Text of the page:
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The top 7 cyber security risks for private equity firms

Private equity firms hold a wealth of sensitive client and market information that make them a prime target for cyber criminals, who may see them as a ‘weak link’ to obtaining the information that they are after.

The fall-out of a cyber attack can have devastating consequences for the client and the firm: it could lead to the downfall of a proposed client project – or even business – and the firm may be hit by reputational damage and vast potential fines.

Despite this, a recent survey of 100 international private equity firms showed that, while more than 70% of respondents believed cyber security was a high operational risk to their business, only 23% had a fully operational and compliant cyber security programme in place.

A frequent barrier to implementing an effective cyber security programme and policies is to know where to begin. However, a good starting point is to identify where the main threats are coming from. We’ve outlined the top risks identified in the government-led Cyber Security Breaches Survey 2016 – which covers both traditional on-premises systems and cloud solutions – and how best to guard against them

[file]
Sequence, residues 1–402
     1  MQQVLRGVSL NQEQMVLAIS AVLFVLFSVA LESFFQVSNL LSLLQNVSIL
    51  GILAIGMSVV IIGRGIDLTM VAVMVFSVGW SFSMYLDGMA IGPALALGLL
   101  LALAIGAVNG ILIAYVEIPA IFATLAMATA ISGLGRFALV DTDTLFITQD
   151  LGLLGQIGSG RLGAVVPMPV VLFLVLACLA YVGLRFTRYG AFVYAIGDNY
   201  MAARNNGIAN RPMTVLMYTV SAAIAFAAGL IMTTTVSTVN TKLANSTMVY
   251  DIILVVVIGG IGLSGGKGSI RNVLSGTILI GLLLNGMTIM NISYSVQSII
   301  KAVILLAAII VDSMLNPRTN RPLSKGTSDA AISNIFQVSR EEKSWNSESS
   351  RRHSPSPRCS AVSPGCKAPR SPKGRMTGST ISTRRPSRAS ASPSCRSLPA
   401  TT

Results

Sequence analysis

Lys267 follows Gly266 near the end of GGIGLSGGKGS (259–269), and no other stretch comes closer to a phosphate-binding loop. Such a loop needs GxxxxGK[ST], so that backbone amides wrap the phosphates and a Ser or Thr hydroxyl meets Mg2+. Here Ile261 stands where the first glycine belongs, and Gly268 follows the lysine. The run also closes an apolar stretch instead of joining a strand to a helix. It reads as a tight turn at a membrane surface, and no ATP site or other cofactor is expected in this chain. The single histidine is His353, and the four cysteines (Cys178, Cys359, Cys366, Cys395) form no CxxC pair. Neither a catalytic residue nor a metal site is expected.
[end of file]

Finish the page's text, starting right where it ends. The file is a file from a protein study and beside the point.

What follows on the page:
1. Viruses, spyware and malware

By far the greatest cyber security risks come from viruses, spyware and malware, according to the survey, with 68% of firms having experienced this type of attack in the last month.

Ransomware is the fastest growing form of malware, which restricts access to a computer system and blackmails users to pay money to remove the restriction and release the files. This threat not only affects desktop and laptop computers, but is increasingly used on mobile devices and can be hidden in mobile apps.

Spyware should also be of concern to private equity firms, as it can be used to secretly record what is done on your computer systems in order to capture data such as passwords, financial details and sensitive market data.

How to guard against this: